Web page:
Transmission is a rain-slicked open-world courier cruise through a neon-streaked 1980s

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Do you like your open world driving games wet, neon-streaked, and positively drenched in the laid-back synthwave squelch of the 1980s? Then we should probably have a word about Transmission.

Transmission is the work of UK developer Sea Green Games and has, as far as I can tell, been in development since roughly February this year. It was originally unveiled to Twitter as “a ‘cosy’ game about driving on a motorway at night” (it quickly gained the delightful temporary title Cosy Taxi) and has since blossomed into a hyper-chilled open-world courier experience, unfolding on a “rainy summer night in 1986”.

Sea Green describes Transmission as a blend of Euro Truck Simulator and Jalopy, which would have been enough to sell me on the whole thing right there – but then I went and watched the trailer below and almost hammered Steam’s ‘wishlist’ button clean off the internet.

“As a small time courier, you’ll meet an cast of unusual characters, carry their packages across the region and learn their stories”, explains Sea Green Games on Steam, “Deliver packages through the night until the long shadows of dawn calls you back to your bed.”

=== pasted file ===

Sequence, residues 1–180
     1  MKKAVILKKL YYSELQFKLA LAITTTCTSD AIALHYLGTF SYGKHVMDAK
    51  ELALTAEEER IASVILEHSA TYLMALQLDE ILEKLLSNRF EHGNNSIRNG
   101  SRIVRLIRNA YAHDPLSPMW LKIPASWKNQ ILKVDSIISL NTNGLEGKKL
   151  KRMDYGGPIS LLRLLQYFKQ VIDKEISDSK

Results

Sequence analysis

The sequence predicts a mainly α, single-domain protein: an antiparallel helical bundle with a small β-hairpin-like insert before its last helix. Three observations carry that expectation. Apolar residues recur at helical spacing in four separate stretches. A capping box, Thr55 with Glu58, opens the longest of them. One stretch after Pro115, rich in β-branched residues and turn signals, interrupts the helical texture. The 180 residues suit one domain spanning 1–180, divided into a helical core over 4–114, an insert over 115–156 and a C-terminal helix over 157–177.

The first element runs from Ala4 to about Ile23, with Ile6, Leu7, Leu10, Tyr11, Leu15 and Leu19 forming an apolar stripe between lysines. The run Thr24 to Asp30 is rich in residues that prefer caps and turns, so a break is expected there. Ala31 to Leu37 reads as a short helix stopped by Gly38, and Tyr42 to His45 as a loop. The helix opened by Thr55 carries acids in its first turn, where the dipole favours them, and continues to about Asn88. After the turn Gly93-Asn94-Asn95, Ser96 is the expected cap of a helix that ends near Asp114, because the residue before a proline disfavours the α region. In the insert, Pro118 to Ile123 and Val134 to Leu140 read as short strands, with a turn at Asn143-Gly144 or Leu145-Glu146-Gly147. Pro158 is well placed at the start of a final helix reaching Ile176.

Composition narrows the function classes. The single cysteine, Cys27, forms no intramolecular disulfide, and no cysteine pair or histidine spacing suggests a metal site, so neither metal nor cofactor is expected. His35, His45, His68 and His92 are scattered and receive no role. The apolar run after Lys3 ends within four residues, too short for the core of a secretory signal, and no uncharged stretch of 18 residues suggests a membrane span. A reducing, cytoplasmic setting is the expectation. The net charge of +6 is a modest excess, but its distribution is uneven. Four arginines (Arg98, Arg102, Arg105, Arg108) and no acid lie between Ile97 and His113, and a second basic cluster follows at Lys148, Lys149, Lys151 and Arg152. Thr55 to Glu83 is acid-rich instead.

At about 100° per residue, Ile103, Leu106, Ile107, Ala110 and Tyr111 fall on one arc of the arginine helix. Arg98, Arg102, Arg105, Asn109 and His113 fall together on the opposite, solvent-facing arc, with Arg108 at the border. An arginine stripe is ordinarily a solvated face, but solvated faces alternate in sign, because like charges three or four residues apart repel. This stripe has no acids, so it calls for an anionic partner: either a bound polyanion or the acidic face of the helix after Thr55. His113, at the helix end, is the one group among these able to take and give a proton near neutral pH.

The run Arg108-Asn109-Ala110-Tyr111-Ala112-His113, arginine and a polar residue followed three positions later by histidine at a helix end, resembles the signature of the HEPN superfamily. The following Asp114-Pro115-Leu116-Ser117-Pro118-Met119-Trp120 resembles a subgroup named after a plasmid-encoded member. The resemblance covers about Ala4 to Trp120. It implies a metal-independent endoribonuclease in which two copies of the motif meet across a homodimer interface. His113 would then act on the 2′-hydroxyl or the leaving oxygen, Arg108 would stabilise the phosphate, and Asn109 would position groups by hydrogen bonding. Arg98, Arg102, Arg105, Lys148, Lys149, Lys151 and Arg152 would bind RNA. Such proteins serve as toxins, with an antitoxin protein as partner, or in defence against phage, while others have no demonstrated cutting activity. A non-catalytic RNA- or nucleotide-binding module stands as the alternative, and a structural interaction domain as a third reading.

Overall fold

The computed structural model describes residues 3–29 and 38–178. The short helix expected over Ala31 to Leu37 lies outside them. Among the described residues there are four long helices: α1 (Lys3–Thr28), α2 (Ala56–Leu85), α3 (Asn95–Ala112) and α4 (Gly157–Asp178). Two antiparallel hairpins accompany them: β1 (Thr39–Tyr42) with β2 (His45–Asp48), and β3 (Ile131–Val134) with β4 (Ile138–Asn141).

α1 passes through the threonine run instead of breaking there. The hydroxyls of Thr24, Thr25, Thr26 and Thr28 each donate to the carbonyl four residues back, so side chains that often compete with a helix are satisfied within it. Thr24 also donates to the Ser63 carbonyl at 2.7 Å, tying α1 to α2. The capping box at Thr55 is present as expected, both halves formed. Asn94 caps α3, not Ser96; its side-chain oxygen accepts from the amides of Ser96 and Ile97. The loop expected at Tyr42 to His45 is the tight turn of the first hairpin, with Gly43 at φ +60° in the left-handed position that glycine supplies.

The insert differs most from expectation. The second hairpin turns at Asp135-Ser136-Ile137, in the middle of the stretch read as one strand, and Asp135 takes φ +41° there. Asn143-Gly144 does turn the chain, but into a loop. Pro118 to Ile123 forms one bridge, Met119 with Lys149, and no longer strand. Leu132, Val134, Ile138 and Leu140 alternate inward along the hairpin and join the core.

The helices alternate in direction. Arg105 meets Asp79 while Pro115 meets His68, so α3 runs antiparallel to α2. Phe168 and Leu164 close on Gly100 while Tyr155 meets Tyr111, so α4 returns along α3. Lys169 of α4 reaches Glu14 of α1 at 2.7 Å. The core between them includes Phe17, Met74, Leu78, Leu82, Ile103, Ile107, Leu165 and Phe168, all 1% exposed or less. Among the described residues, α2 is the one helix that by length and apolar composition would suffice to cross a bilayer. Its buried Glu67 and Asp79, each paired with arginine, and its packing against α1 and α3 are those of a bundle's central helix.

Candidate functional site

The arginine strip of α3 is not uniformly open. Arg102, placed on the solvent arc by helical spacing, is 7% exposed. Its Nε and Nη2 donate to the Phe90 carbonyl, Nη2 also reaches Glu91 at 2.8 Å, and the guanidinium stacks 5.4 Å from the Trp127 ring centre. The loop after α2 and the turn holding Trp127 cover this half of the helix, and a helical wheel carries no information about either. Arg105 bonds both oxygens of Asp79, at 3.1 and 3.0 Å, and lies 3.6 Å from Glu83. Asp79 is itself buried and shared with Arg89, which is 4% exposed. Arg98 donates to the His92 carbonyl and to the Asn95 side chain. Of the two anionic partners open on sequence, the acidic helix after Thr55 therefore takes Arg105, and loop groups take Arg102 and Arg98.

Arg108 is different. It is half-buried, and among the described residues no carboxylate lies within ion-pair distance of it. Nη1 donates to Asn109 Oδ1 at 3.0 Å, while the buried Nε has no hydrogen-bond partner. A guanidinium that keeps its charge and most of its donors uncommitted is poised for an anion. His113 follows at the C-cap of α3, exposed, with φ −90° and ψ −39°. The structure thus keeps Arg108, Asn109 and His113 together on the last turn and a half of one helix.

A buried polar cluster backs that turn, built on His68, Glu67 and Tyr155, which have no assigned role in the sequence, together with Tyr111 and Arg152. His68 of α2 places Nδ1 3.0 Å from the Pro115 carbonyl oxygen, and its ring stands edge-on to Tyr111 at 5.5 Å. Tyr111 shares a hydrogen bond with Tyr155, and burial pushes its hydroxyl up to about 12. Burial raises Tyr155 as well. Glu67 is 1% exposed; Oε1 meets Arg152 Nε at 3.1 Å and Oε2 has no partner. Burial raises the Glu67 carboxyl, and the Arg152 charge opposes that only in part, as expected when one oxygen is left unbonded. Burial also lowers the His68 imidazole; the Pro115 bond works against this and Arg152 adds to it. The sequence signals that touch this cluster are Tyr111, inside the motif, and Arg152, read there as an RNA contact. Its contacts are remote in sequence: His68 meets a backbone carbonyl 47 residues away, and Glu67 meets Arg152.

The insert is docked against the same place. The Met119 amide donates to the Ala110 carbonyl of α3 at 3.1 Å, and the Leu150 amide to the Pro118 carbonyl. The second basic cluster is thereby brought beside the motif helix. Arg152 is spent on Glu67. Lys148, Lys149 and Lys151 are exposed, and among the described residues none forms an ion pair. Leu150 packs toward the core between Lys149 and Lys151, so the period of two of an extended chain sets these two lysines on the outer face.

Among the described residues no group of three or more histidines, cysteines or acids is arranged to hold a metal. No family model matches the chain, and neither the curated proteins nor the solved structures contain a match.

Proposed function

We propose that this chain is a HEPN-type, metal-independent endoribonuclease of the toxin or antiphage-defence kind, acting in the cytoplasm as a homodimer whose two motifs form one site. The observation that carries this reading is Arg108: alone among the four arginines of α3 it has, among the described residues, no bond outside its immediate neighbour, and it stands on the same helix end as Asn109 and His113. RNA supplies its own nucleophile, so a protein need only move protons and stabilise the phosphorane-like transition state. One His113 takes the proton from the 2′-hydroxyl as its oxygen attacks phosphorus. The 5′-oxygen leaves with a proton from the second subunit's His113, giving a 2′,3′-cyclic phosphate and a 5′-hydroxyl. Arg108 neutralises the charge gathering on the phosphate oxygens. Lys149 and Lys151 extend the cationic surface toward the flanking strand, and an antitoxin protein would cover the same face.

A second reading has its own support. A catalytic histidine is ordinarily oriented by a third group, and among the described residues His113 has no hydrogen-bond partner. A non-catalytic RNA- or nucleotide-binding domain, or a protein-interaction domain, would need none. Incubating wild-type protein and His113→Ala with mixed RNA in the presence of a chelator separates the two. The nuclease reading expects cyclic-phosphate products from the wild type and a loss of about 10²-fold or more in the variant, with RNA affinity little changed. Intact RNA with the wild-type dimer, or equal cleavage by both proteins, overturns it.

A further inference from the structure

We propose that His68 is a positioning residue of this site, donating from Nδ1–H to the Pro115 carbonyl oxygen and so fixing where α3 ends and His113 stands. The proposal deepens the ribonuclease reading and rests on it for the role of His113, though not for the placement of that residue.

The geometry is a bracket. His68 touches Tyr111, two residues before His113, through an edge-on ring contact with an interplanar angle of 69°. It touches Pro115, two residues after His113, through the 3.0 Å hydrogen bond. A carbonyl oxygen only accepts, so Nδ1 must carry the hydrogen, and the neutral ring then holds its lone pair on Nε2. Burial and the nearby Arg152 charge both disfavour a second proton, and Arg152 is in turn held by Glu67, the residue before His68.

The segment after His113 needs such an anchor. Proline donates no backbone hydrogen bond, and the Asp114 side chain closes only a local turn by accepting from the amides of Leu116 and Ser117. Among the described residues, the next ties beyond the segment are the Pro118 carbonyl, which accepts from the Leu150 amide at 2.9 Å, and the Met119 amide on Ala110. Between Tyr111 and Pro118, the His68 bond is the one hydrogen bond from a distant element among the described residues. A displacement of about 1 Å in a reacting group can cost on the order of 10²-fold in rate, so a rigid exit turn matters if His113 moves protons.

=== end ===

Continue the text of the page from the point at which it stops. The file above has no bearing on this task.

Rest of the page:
This is the 80s though, so you’ll need to navigate the rain-slicked streets the old-fashioned way, using maps and signposts instead of a sat nav. Based on previous Twitter posts, it seems that both the city and its place names are procedurally generated, suggesting that you’ll need to stay sharp in order to make your nightly deliveries on time and earn top dollar.

You’re able to spend your earnings at the end of each night, unlocking new garages and cars – from “fixer-upper to lean muscle machine” – which will, in turn, enable you to travel further and complete bigger jobs. You’ll even be able to expand your empire by hiring new drivers.

However, it sounds like Transmission can be as structured or as chilled as you want it to be, with a cruise control option, a choice between crafted story missions and unlimited procedurally generated objectives, and even a mission-free Endless Night mode, shorn of time limits. There’s also a photography mode, with various lenses, filters and effects available, if you’d rather just settle back and snap the neon-hued sights.

The whole thing looks, and sounds, absolutely sublime – which is going to make the wait until Transmission’s anticipated release of Q1 2020 on PC all the more difficult.

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